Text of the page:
Entries in Somerset House (1)
On until the 11th of March, the latest installation in the Turbine Hall at Tate Modern is Tacita's Dean's FILM. An arresting analysis of the digital vs analogue argument, FILM fills a gigantic 13 metre screen at the end of the hall, while viewers watch in silence from the balcony or gaze upwards from the ground floor.
Dean's love of analogue and her despair at the closing of London's last 16mm film developing lab were documented in the Guardian by the artist back in February. The loss of analogue formats has long been lamented by artists such as Dean. The tactile quality and rich detail captured by analogue cameras is beautiful to behold, as admirable for the format itself as its content.
The demise of Polaroid marked a particular milestone for the death of the analogue camera; despite Polaroid being the medium of choice for hipster art students (I myself am in possession of an enormous back catalogue of embarrassingly pretentious Polaroid shots from my art school days) the market was no longer big enough to justify its production.
Dean herself spoke of the fact that "film is chemistry: chemistry that has produced the miracle of the moving image", and this is the miracle of analogue formats. Perhaps it is a somewhat old-fashioned stance to take, but the pleasure of shooting with celluloid film or an analogue camera is in having the skill and knowledge to do this not just correctly but with innovation and vision, and then to witness the magic of photo development or working together with an expert film technician to create something truly individual. As Dean says, "My films are depictions of their subject and therefore closer to painting than they are to narrative cinema." The human touch is what makes her work so special, so different from a digital film as CGI is from painting. Bizarrely, the closure of print labs coincides with a huge increase in filmmakers choosing to use celluloid film.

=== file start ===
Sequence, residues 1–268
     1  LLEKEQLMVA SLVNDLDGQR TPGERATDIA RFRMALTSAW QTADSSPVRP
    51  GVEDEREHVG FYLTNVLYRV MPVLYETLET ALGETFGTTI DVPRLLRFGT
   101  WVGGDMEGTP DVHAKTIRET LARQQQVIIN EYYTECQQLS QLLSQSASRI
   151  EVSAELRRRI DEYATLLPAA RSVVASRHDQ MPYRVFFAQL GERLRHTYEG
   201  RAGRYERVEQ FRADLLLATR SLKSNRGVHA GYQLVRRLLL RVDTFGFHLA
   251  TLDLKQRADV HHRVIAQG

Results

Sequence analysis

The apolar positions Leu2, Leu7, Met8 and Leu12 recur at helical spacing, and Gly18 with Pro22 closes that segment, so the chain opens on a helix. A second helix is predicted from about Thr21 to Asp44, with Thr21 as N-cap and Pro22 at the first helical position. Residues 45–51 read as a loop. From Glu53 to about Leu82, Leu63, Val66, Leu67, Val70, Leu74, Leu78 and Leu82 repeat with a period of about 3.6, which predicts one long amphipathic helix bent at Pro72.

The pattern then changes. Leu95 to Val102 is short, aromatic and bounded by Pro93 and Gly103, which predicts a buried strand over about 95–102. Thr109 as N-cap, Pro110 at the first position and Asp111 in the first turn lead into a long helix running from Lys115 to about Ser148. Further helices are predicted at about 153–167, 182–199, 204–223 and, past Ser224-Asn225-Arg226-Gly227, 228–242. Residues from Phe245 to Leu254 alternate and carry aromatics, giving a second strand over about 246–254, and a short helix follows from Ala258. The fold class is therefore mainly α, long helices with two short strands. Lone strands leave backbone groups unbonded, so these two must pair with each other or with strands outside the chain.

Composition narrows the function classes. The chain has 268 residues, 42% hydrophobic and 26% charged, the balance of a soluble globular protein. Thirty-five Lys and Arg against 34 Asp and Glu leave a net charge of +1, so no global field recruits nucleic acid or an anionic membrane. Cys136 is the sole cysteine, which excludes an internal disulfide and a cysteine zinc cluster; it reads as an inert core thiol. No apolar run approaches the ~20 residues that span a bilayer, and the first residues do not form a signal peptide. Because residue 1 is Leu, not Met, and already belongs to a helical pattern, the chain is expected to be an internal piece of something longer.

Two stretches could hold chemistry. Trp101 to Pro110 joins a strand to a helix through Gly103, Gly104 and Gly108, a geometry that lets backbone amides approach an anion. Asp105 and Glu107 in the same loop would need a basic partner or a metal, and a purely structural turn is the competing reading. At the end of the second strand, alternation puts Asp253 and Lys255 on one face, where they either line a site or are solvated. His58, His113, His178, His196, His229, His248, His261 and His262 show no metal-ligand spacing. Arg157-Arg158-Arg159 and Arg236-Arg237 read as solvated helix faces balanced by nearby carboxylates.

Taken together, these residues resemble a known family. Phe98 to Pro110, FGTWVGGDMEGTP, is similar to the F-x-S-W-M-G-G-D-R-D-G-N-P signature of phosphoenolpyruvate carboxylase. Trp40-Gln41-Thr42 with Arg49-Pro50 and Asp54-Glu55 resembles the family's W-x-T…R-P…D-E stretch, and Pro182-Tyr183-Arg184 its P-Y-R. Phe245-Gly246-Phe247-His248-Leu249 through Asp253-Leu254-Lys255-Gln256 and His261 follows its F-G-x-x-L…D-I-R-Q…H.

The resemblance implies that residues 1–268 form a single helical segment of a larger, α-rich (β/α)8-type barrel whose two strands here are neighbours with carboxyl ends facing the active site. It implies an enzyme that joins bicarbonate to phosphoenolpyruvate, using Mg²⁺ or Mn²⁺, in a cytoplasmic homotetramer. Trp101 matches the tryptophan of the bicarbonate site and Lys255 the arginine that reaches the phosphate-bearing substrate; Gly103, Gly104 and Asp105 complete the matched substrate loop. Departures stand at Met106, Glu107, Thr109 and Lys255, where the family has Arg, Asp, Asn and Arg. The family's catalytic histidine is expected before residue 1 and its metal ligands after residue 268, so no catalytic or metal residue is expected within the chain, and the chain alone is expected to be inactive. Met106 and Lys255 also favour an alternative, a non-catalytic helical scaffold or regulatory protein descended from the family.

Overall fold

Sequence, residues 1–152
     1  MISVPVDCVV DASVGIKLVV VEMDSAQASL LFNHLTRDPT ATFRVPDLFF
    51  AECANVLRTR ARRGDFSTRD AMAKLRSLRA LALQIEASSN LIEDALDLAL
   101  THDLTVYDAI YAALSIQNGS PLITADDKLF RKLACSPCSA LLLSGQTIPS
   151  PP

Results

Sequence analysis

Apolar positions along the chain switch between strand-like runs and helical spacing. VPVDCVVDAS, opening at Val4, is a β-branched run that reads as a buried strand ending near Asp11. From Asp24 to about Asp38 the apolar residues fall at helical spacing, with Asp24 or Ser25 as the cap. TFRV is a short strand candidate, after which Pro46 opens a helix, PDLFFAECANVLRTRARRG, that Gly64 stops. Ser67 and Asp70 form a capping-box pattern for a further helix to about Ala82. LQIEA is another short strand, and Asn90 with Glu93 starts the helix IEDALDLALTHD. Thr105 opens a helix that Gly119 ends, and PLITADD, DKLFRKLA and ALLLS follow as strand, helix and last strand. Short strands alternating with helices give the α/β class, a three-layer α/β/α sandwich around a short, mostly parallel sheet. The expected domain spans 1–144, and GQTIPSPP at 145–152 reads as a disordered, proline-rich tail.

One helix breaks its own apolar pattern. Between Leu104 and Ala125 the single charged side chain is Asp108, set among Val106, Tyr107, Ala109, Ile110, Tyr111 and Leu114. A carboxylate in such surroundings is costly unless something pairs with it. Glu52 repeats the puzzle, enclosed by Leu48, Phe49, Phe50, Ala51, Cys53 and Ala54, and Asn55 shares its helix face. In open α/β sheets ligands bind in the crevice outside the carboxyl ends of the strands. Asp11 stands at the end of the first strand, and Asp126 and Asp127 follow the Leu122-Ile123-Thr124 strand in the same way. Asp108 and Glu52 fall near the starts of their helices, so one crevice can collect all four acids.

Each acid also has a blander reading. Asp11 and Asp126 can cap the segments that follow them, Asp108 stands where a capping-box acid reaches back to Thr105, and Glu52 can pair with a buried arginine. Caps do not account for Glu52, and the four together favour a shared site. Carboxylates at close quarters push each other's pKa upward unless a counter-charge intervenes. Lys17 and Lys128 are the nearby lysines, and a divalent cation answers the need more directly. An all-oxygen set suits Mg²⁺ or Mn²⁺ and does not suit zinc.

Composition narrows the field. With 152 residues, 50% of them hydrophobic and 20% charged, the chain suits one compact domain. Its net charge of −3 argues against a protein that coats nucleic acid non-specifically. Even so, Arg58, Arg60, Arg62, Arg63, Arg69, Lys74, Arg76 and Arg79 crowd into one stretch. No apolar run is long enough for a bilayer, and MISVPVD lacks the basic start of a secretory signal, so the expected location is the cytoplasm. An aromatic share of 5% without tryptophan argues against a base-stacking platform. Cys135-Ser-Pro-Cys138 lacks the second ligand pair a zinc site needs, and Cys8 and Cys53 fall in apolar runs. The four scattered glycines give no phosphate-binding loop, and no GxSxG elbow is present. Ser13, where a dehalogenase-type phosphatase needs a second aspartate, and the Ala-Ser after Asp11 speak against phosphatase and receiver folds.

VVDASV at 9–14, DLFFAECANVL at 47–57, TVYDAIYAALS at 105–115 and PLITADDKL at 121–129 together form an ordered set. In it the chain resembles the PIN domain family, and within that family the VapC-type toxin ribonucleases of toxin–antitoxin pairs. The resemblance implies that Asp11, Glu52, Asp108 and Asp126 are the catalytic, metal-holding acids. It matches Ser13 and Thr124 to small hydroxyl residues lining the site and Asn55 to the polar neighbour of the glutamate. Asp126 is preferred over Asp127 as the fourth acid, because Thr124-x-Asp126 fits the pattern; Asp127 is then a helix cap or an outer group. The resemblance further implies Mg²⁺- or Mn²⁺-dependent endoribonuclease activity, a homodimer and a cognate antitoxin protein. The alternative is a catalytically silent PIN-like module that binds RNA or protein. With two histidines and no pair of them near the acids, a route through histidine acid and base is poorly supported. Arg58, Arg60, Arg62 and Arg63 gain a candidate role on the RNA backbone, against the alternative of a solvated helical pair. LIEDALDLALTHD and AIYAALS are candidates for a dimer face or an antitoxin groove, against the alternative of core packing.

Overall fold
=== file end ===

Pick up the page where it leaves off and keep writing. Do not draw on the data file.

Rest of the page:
It is not just the art world where the sudden threat of losing access to such media is spurring a newfound love for traditional processes. The past decade has seen a shift in the graphic design and illustration worlds towards processes such as screen-printing, letterpress, and letraset. Young designers' love of these tactile media is evident in the swathe of hand-printed zines, posters and t-shirts that are available at the numerous design and craft fairs that have been springing up all over London in recent years. A backlash against digital saturation? Maybe. Or perhaps a reaction to the straitened times in which we live, a desire to 'do it yourself'.
Here at FIELL we, like most other publishers, often contend with the idea of "the death of print". We strongly believe that as long as people love illustrated books, they will love print - digital products such as apps and eBooks are as valid a medium and extremely powerful, but a digital product is a completely different product. As with analogue and digital film, the experience is visually completely different. The predominance of digital film or digital book products should not automatically eradicate analogue or printed work. The two should complement each other, and be appreciated for what they are; art forms.
Posted by Isabel